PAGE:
The Vovis have become the unarmed branch of Seville, officially charged with ‘cleansing’ the Andalusian capital of its illegal parking attendants
And to do this, why not allow them responsibility for the city’s parking areas, and specifically those that the ‘gorrillas’ are closing in on? Over the years, the Vovis (whose name is also a nod to the British ‘bobbies’) have become the unarmed branch of Seville, officially charged with ‘cleansing’ the Andalusian capital of its illegal parking attendants, who are quite aggressive and not very appreciated. If the ‘gorrillas’ swap their cap for the blue shirt of the association, even better.
Young M used to be a ‘gorrilla’. He tired of playing hide-and-seek with the police and dodging fines, becoming fed up with being on the wrong side of the fence. All that brought him barely ‘more than 200 to 300 euros (£180 - £270) a month’. Like the other Vovis, he is not employed by the association and only gets what the users of his service want to give him. What’s more, if the entry ticket is fixed at 60 cents (40p), half must then later be returned to APM40, which uses these profits to cover its running costs. A few hundred euros a month is not a great deal, but ‘it is always better than nothing’, adds Gaïdz, a young 30-year-old Albanian who came to Spain four years ago in search of the European dream. A jeweller specialising in gold, he is stacking up the temporary casual work and trying to make ends meet. His work in the car parks is a way of ‘holding on’, of not ‘going under completely’.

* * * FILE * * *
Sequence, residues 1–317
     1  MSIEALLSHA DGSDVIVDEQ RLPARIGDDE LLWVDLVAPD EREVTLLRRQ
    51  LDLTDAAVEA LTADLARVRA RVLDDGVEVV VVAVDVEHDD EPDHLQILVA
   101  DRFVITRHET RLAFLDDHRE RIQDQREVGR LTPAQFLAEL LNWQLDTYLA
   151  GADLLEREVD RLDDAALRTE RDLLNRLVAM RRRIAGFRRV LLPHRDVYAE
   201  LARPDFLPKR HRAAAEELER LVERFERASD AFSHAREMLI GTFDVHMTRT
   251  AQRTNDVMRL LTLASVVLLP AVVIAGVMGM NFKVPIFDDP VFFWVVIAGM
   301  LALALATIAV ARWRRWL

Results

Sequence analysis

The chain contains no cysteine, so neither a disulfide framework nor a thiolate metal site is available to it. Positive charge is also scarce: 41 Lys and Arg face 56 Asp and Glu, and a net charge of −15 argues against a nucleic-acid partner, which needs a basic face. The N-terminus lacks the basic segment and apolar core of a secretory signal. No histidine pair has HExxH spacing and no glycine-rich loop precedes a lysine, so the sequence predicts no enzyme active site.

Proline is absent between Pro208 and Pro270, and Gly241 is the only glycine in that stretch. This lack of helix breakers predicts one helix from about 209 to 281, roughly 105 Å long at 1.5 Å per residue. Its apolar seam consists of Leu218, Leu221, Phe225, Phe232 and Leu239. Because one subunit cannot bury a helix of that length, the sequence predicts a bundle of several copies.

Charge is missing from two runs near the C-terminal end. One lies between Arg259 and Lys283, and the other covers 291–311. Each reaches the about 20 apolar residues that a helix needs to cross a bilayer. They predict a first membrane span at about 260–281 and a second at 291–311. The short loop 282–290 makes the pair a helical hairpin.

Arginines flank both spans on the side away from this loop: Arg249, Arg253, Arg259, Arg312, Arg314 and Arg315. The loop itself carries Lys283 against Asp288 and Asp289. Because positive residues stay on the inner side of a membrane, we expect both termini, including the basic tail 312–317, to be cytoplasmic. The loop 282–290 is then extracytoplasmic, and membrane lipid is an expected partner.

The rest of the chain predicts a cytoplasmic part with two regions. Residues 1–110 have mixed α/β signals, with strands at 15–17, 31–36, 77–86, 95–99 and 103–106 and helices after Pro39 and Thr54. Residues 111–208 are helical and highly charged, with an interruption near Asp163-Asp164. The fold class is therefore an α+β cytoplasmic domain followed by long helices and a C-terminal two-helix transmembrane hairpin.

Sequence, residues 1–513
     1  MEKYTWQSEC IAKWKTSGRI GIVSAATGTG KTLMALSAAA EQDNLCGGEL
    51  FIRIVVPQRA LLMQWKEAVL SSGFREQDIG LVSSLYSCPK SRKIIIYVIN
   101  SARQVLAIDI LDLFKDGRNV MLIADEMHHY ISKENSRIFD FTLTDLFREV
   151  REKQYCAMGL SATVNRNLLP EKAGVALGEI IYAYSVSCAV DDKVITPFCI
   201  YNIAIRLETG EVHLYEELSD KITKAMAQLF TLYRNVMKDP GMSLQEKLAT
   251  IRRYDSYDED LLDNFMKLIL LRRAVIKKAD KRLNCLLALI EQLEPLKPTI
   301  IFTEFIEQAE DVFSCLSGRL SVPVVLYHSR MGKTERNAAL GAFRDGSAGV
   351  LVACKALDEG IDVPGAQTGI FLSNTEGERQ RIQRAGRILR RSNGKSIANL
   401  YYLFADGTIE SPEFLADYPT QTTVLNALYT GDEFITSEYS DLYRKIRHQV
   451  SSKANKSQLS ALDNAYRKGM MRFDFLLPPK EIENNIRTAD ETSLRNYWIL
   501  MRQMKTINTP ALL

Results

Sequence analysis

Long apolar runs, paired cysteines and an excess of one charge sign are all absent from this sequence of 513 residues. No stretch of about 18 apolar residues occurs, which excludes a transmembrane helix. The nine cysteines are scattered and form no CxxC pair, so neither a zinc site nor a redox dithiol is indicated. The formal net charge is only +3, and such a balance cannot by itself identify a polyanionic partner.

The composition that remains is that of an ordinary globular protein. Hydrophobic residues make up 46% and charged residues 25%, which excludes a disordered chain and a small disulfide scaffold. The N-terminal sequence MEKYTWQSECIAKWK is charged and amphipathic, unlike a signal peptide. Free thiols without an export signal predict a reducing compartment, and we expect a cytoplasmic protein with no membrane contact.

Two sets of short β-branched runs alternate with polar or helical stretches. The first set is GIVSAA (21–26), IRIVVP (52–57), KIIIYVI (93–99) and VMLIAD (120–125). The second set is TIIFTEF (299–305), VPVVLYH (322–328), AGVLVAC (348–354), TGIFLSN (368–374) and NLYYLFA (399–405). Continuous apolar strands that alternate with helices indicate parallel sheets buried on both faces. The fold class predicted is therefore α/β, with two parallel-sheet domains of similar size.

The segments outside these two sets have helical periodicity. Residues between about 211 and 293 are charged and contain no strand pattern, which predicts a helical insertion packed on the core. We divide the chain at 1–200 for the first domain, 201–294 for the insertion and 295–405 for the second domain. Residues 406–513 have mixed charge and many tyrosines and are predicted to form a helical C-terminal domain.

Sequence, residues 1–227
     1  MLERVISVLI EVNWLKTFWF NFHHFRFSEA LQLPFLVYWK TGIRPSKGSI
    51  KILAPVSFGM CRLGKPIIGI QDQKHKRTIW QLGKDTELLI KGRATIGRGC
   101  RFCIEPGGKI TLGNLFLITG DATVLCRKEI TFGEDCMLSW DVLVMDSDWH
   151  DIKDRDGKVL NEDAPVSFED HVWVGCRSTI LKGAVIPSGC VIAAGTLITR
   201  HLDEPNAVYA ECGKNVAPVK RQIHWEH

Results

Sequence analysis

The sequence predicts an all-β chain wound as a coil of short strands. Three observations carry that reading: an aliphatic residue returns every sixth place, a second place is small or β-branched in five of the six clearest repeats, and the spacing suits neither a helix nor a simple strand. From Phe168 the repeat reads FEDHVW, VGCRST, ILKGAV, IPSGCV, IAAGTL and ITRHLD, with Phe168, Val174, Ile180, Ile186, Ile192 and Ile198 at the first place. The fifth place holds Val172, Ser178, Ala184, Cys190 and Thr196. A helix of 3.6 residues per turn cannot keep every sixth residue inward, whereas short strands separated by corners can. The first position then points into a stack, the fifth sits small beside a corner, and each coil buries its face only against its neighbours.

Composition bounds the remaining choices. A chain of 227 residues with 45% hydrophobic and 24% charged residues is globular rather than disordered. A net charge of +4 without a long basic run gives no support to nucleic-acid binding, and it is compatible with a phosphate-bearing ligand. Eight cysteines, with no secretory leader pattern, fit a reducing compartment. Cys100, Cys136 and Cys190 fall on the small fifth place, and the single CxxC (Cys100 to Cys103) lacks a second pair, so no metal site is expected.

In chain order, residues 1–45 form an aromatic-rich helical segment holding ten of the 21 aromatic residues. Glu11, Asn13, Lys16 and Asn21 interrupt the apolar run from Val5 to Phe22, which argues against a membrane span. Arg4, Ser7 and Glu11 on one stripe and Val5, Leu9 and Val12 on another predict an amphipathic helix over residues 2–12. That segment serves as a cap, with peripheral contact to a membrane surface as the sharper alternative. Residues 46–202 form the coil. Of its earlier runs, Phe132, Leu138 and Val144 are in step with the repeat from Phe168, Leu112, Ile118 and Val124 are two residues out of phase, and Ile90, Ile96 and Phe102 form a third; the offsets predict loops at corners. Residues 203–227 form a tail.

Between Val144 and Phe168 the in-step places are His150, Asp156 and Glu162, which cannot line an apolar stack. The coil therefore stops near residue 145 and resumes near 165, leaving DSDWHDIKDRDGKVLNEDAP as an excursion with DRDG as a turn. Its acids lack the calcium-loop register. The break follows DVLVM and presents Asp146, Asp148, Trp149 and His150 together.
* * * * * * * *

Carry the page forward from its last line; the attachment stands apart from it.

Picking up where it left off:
For Gabriel, who is in his eighties and has a ‘miniscule pension’ of which he prefers not to speak, this is the only way he can manage to pay his rent. ‘I would have been on the streets long ago, if it wasn’t for this work’, he adds. With the crisis, stresses Rafael Esprajoso Espinola, ‘many people are seeking help from the association,’ which manages some 300 volunteers. They are getting younger and younger, which is why APM40 has now opened its doors to those under forty, and to more and more foreigners, who comprise around 30% of their staff. ‘They are all here legally’, the association supervisor clarifies.
The council is working on it
The ‘gorrillas’ continue to pour into certain areas of Seville. It’s consumer association is inundated with resident complaints every day. Road users vent their frustration daily on the internet. The result is that citizen groups like Bami Unido ('Bami United') - a neighbourhood association in the Bami quarter, which has been particularly affected by the phenomenon - are emerging. They demand harsher measures and even question the actions of the Vovis. It’s proof that the initiative might have demonstrated its usefulness, but lacks a unanimous backing, and for good reason.
Despite the interest shown by the other Spanish towns to have adopted the model or by the European commission, who started to analyse its transfer to other EU countries in 1997, the legal framework within which the Vovis operate remains vague. Their presence is authorised but still not legalised, even if the ‘council is working on it,’ states Diego Jimenez. A lack of clarity is stirring up the resentment of car-drivers, often irritated by being forced to pay for car-parking spaces that are officially available and free. But as Maria whispers as she slips a coin into the hand of the young man who has just helped her park, ‘the Vovis are not a solution, just a lesser evil’.